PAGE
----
Even with the coffin burning music video, to some extent, that was more symbolic like we’re done with The Suffering Spirit. We’re going to move onto a new chapter with the band. The meaning goes a little bit deeper than just, “Oh, that’s awesome that they burnt a coffin.” There is some symbolism behind it as well.
Symbolically speaking, would you say the spirit carried on once the coffin went up in flames?
Yeah, I don’t know. Its like, “Hey, we’re going to fucking destroy what we just created and we’re going to come back and we’re working on something gnarly.” I don’t know if that’s how other people perceive it. Like I said, we’re on a different tip. I don’t want to say that we’re trying to be ahead of the curve but we always want to feel creative and have a desire to bring something new to the table with heavy music. More often than not, I feel that gets lost with a lot of bands who fall pretty deep with wanting to be or wanting to sound like other metal bands. For us, it’s like what can we do that is a little bit different so we can stand out from other bands that play heavy music?
You guys were never your typical New Jersey hardcore band; you stayed clear of those clichés. There was always something darker and more maniacal in terms of how you presented your music.
Totally, going back to what I was saying about how Zach writes all of the music and how I work on the arts and aesthetics. This is ultimately our outlet and vision. Every time we get together to write new stuff or come up with ideas for visuals, we want to do something, I don’t want to say that hasn’t been done before, but stuff that’s very unique to Old Wounds. Regardless of what the lineup has been, it’s always been the same collective and the same idea moving forward. There have been a lot of awesome bands that have come out of New Jersey and I’m not even just talking about the heavier side. Bands like My Chemical Romance, Thursday, or The Dillinger Escape Plan, all these bands did whatever they wanted. It was super unique and creative and ultimately, I think that’s our biggest influence – not being restricted or tied down to one idea or sound. I think that’s the most New Jersey thing you could do; always try to be on the forefront of developing or evolving what music or heavy music can be.
I totally agree. A band’s catalog isn’t just limited to the music; it’s about the artwork, the live show, and presentation of your music. If My Chemical Romance and Dillinger only had good songs and nothing else, their reputation wouldn’t be as well regarded. That is the right trajectory to follow.
And yeah, it’s not like we’re trying to come off as pretentious and it’s not an ego thing. Growing up, those were all bands that I was stoked on so that’s how I thought it was. I didn’t see too much of that outside of that for a long time. Even a band like Every Time I Die who we have had the privilege of touring with, those dudes put on the best show. I mean, they are right up there. Their energy every night and how they handle themselves is just awesome. That’s how I feel a band should be. I am influenced by those bands and how they do things. As a band from New Jersey, we want to keep that reputation going. It’s crazy to think that we’ve been a band for seven years. Maybe if we’re still doing this in five years, maybe a new wave of bands will take that same mindset of just losing it every night and putting 110 percent into it.
With your experience in the music industry so far, no matter the scene, it’s all about consistency and effort. Has that been the most important lesson and attribute for you guys in finding success and touring outside of New Jersey?
Yeah, obviously, we’ve only toured in the States and eastern Canada. Touring outside of New Jersey, it’s crazy to see how different towns react to you. Even for a while, we were actually getting better reactions in places like Seattle, Southern California, Florida, and parts of Florida. We would have better shows there than our own hometown shows.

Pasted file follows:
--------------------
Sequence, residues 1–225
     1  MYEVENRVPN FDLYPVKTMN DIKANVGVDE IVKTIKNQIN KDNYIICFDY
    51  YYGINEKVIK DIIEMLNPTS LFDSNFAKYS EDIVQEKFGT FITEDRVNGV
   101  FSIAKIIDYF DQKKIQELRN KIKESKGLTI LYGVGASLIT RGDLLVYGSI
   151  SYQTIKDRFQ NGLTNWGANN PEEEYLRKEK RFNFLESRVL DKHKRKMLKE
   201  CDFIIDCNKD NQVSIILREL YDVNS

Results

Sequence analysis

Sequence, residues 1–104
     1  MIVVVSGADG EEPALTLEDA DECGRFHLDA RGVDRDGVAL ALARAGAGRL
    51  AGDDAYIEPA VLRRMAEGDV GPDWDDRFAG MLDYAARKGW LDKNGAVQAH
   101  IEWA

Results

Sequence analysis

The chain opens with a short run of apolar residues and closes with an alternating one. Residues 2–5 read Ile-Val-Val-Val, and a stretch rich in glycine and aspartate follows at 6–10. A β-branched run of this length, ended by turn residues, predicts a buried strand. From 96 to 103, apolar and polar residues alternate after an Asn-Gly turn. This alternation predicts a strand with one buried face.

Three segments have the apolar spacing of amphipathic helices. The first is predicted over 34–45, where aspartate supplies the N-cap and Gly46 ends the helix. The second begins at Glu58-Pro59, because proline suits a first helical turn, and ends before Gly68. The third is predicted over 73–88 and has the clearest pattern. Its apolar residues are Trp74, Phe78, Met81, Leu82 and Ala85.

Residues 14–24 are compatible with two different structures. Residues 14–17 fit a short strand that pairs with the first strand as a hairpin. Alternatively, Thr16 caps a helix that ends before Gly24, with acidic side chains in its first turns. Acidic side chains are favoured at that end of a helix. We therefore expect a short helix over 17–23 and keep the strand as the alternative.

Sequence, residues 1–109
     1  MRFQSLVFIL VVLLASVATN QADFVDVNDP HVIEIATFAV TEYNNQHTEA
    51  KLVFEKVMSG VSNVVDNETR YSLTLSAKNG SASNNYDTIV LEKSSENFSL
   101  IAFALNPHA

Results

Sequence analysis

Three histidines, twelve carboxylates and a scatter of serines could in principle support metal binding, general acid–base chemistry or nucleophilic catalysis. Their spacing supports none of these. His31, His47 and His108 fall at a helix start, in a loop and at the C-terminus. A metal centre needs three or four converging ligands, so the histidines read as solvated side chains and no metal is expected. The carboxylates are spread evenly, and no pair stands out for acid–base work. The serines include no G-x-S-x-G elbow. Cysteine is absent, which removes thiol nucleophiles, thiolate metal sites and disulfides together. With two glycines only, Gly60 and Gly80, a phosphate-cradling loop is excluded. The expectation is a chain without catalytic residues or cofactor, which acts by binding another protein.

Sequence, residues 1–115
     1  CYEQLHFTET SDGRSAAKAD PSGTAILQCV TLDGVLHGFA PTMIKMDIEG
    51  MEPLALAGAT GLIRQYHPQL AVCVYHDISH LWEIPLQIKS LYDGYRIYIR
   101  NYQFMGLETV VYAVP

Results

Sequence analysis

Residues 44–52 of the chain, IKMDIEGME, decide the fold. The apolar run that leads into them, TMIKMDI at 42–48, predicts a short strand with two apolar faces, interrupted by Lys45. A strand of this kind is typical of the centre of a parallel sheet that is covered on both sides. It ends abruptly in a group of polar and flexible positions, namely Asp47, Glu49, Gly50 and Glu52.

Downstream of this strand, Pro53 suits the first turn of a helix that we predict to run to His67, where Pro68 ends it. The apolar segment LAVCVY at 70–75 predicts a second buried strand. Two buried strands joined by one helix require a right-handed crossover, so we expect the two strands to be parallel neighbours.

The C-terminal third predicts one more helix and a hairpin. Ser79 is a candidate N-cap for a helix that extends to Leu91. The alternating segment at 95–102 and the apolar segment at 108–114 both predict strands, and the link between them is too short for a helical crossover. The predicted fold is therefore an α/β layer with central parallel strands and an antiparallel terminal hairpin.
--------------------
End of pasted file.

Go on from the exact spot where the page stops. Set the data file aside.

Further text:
Even talking to some of the older dudes who played in different bands in New Jersey, things take a little longer for things to catch on. When you start touring, you get different perspectives and you get to experience different scenes and see how those bands work. For example, bands from the Midwest, I think they are some of the hardest working bands in the world. Anytime they want to start a tour, they have to travel 10 hours to the closest city because they are from Iowa or whatever. They might get a better reaction locally because they are the band performing and the next closest city is a 10 hour distance. For us, we are in between New York and Philly and there are a million different scenes within New Jersey itself. There are a lot more bands to take in. That’s another reason why we give our hardest effort every night. If you play seven local shows in a week, each show would have a different five band lineup all in the same town. There was so much when we started playing and touring. So yeah, giving it your all and trying to put on a good live band is crucial.
That being said, are you really excited for your show on Saturday at the House of Independence?
Absolutely, we have been practicing in Asbury for a few years. We’ve always tried to establish that as our home base as a band because I feel like it’s been a while, really aside from us and Toothgringer, representing this area of New Jersey. Obviously, in North Jersey and different parts of South Jersey always kind of have a consistent scene going. As our bands have been making that jump and touring a lot, it’s cool to stake claim in our hometown like we did after the Stone Pony show with Beartooth, we had an after party show. We’re doing another after party for this show. We try to do as much as we can in Asbury because it’s so close to our hometowns. I’m from Tinton Falls and Zach lives in Long Branch so we’re all a town over from Asbury. To be able to attempt to put together a big hardcore show in Asbury, which are few and far between these days, it means a lot. We have a lot of friends and family coming out and it should be a really good time.
Considering your experiences over the last few years, coming back and playing home, does this feel like a full-circle moment?
Definitely, the last time we did a big Asbury headlining show was two summers ago. We did a record release for The Suffering Spirit at the Asbury Lanes and unfortunately, as you know, that is no longer a venue anymore. To be able to play at a new place like House of Independence, to keep it going and that was one of the first shows we played off The Suffering Spirit. To be able to close it out and I hate using the term “album cycle” but to be able to close out our album cycle with a big show in New Jersey before we go into the studio is really cool.